[20:59] <+Skimble> way of interacting with things.
[20:59] <+Skimble> They also don’t have the Drive, Craft or Burglary skills!
[21:00] <~Dan> 🙂
[21:00] <+Skimble> I also want to emphasise that cats see the world differently from us. Most of them can’t read human language and there’s advice on depicting things in such a way as to emphasize the fact that cats don’t have the same frames of reference as us. I don’t want them to feel like humans in cat suits.
[21:02] <~Dan> That would seem to be important.
[21:02] <~Dan> So you worked different typical cat actions into their magic, but do you spend much space on how cat personalities are just flat-out different?
[21:03] <+Skimble> I think the way I’m handling Territory helps with that, because in the same way that it’s important to cats, the utility of the skill and the ease of losing it will likely make it a primary focus for a lot of cats.
[21:04] <+Skimble> Not a huge amount, honestly. Mostly that’s dealt with by mentioning that cats can be compelled on their high concept to act in a way consistent with being a cat. Though there’s also frequent mention of their territoriality, preference for solitude and other typical feline personality traits. I hope that I’ve managed to capture the feeling that cats are basically furry sociopaths.
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[21:08] <~Dan> Do you have any thoughts about where you’d like the game line to go?
[21:10] <+Skimble> If I get to do some more work on it, officially or unofficially, I’d like to expand on the sorts of threats in the world and dive into the social and political lives of cats in more detail. I imagine cat society as being a bit like the interaction between vampires in the Elysiums of Vampire: The Masquerade; co-dependent snarky killers making nice with each other to get what they want while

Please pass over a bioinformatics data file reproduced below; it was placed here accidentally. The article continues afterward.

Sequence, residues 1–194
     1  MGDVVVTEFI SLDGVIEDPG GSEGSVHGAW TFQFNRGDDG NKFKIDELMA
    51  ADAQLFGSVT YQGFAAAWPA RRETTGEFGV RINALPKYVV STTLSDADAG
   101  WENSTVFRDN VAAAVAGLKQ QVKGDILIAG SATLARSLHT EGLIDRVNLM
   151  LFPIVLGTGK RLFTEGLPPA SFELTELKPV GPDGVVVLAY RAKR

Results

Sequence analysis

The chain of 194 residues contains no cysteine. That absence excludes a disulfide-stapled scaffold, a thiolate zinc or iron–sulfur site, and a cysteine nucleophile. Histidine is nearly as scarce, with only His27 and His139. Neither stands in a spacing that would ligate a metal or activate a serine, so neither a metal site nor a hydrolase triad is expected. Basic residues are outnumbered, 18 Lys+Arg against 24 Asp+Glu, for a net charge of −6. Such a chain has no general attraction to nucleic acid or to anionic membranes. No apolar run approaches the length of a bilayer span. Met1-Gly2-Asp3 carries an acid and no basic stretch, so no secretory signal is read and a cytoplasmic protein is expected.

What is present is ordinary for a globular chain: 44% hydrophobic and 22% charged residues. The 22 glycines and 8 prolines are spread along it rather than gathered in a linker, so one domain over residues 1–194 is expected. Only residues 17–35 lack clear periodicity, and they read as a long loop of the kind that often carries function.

[21:10] <+Skimble> manoeuvring to gain political power.
[21:12] <~Dan> (brb)
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[21:17] <~Dan> (back, sorry)
[21:18] <+Songtress> Sounds very.. Catty
[21:18] <&Silverlion> Heh
[21:19] <+Skimble> Yes, exactoly!
[21:19] <~Dan> Was FATE your first choice for the game?
[21:20] <+Skimble> I’m currently very enamoured of Fate and it’s my first choice for pretty much every game! But yes, I think it works very well for this sort of subject matter.
[21:22] <+Skimble> Well, I’m getting sleepy here so I think it may be about time we wrap this one up for now. For news on this project and the other wonderful pitches that are in the process of being written you can check out (Link: http://www.patreon.com/evilhat.)http://www.patreon.com/evilhat. People who bid in at the $12 on that Patreon have been voting on pitches (and will do on later pitches to come) and generally having a guiding hand in the
[21:22] <+Skimble> project. I can’t tell you exactly when “The Secrets of Cats” will be coming out, but I imagine it’s at least a few months down the line. So far it’s in the draft stage and the content is subject to change as Evil Hat review and edit.
[21:23] <~Dan> Thanks for staying up late to tell us about the game, Richard!
[21:23] <+Skimble> Thanks for giving me the opportunity to natter about the game, hopefully I’ve intrigued some of you and you’ll be interested in checking it out once it’s done. If you aren’t on the Patreon campaign, I expect this will be released under a Pay What You Want basis.
[21:24] <~Dan> I’ll have the log of the chat up shortly!
[21:25] <+Skimble> Great! Thanks again!
[21:25] * +Skimble yawns like a certain saggy old cloth cat and idles to go to sleep in a bit.
[21:25] <~Dan> Sleep well! 🙂
[21:26] <+Skimble> Thanks!